Investors Win a Round in Litigation Over ‘Stranger-Originated Life Insurance’

October 11, 2011 – In The News
American Lawyer

The case between Principal Life Insurance Company and trustees of a family trust relates back to JoAnn DeRose who applied for coverage in 2006, stating that a family trust would pay her premiums but that the policies were intended to benefit her grandchildren.

Principal life alleged that the trustees bought the policies with the intent to resell them on the secondary market, and that they had concealed a plan to obtain non-recourse funding for the policies. The trustees fought back as did the bank that financed the premiums, First Priority Bank. First Priority, with counsel from Fox Rothschild, intervened in the suit to protect its security interest after the trustees defaulted on the loan in April 2010.

Pennsylvania federal district court judge Christopher Conner denied motions for a summary judgment by First Priority and the trustees over the issue of whether Principal can declare the policies void because of misrepresentations made on DeRose's application. But he granted First Priority and the trustees summary judgment on the issue of whether the policies could be voided for lack of an insurable interest.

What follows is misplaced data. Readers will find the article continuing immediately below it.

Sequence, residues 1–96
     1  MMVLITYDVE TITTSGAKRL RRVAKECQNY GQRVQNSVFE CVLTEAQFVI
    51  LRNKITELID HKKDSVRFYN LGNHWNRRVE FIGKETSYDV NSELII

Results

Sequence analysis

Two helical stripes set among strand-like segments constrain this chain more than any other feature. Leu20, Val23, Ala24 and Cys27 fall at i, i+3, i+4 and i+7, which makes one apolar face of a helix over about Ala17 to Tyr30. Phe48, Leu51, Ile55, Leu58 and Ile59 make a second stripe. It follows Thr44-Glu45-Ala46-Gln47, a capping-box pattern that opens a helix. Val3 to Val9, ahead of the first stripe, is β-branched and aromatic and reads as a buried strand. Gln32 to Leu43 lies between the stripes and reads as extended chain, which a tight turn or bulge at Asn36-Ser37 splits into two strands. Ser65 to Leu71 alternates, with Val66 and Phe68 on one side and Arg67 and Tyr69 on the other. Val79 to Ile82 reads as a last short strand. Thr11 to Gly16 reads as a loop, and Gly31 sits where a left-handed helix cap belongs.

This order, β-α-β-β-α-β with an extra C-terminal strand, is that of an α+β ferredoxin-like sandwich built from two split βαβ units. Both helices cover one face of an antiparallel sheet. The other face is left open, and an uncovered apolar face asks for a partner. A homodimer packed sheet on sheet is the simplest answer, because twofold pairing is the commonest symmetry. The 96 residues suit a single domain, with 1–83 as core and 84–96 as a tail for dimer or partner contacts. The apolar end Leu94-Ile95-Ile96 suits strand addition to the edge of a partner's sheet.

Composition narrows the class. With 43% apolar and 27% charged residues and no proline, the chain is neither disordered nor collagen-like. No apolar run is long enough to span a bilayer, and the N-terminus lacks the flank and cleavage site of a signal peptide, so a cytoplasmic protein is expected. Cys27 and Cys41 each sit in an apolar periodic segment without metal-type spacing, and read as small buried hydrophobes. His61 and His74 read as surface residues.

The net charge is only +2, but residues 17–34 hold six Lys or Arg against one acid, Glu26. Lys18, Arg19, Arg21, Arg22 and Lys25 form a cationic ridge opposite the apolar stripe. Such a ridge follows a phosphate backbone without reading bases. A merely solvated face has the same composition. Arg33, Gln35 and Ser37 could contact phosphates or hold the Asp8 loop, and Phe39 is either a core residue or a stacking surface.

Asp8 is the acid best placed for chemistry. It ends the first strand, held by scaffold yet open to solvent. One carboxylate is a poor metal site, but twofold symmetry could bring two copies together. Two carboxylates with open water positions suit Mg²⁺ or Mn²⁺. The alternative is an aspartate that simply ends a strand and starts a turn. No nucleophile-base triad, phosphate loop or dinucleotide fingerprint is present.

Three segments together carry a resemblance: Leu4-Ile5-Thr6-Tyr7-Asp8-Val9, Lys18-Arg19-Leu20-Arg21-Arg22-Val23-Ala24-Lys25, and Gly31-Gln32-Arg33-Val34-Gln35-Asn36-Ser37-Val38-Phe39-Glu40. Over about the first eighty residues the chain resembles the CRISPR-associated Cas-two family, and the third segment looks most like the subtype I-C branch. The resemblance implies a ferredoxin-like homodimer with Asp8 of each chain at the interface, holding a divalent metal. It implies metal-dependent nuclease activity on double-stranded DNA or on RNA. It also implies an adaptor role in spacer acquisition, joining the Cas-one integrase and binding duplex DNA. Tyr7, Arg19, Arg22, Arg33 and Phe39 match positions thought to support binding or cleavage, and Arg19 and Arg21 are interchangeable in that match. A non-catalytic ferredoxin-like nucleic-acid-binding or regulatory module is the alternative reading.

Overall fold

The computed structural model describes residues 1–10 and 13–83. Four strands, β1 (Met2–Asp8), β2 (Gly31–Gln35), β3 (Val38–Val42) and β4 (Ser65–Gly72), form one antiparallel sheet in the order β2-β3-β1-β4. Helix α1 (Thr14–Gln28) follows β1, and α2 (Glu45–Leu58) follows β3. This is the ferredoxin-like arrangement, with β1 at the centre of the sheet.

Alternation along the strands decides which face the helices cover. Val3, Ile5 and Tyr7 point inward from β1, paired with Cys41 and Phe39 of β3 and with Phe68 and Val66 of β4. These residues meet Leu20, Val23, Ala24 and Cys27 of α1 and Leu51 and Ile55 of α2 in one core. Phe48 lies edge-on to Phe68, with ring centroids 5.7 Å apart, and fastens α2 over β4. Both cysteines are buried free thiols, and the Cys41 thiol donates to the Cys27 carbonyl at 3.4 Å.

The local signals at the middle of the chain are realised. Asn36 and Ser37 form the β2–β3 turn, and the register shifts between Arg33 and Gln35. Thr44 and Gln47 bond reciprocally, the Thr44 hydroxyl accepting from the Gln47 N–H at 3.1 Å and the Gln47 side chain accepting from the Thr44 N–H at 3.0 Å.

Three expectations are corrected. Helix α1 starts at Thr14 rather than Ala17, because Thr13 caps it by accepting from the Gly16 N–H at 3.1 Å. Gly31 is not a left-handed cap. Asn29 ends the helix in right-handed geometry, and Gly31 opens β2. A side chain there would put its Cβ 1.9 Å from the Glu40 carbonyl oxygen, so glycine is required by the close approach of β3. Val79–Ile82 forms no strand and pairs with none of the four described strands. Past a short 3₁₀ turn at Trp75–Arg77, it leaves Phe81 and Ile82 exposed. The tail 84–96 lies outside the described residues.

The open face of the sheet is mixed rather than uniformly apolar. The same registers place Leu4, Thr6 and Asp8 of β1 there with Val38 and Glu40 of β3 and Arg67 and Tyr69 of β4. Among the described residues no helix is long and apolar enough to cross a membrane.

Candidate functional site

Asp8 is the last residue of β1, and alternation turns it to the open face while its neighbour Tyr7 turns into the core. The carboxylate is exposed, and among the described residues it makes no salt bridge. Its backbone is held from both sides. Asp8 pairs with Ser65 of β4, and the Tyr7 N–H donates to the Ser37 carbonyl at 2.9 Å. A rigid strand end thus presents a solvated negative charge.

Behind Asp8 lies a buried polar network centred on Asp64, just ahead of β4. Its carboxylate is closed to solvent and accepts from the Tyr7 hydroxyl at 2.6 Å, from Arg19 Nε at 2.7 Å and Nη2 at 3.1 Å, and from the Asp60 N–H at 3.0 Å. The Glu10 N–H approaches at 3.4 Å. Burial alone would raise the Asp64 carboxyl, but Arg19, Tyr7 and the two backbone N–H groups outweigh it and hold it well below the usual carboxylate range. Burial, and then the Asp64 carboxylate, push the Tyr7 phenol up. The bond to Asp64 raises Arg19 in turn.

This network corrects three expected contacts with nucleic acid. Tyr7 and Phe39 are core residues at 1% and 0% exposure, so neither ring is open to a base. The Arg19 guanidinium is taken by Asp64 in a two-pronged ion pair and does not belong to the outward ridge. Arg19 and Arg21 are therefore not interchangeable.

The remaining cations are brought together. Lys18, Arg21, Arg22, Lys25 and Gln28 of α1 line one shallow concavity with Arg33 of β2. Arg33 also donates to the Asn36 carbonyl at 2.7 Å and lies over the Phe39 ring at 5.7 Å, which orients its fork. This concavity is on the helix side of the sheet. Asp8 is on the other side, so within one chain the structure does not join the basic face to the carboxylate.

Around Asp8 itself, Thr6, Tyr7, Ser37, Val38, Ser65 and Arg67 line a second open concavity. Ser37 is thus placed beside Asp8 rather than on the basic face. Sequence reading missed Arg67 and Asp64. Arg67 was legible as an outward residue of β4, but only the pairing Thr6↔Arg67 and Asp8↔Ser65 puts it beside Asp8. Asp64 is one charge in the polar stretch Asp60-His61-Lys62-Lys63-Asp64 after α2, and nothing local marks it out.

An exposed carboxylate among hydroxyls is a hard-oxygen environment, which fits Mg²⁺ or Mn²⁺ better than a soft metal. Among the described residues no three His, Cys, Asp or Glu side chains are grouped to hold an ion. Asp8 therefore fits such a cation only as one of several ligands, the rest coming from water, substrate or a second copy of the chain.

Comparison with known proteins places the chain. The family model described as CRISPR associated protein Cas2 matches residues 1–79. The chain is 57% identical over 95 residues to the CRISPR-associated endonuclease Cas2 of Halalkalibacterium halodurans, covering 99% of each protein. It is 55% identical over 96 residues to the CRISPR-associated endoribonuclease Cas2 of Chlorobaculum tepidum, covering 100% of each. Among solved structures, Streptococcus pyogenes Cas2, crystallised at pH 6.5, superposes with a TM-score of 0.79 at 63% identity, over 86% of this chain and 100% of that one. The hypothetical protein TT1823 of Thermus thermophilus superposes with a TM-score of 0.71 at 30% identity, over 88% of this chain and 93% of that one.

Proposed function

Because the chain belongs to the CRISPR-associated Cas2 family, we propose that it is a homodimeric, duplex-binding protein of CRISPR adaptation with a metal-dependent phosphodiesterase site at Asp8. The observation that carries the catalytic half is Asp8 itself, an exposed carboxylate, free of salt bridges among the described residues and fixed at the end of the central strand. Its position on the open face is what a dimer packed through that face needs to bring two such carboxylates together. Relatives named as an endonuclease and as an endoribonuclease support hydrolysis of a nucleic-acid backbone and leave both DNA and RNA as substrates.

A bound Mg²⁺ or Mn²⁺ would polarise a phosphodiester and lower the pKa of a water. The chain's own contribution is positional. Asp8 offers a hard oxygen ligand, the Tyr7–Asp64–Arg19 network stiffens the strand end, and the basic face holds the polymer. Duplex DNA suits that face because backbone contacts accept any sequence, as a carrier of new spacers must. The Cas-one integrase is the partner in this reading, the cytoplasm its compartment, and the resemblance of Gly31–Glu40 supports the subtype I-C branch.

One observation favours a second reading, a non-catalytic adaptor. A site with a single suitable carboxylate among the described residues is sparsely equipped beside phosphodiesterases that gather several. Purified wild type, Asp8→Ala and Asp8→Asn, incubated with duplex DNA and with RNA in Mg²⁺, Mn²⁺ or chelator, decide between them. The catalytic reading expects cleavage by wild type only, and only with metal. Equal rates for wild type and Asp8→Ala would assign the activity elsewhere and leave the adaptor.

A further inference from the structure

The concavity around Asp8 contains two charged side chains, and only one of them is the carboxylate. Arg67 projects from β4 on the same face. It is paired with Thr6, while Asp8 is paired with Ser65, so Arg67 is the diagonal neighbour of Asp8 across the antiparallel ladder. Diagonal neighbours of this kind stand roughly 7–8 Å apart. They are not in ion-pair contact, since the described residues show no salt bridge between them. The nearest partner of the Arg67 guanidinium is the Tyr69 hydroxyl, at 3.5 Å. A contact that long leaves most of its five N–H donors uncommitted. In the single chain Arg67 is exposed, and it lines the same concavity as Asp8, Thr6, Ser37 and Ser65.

Counsel for the trustees said the ruling was important in the ongoing fight over stranger-originated policies.

First Priority counsel Samuel Cortes added that the ruling could have an impact outside the life settlement context. "This comes up all the time in estate planning and wealth preservation [contexts]," he said.

Both counsel expect a trial in the first months of 2012 on whether the defendants made any material misrepresentations.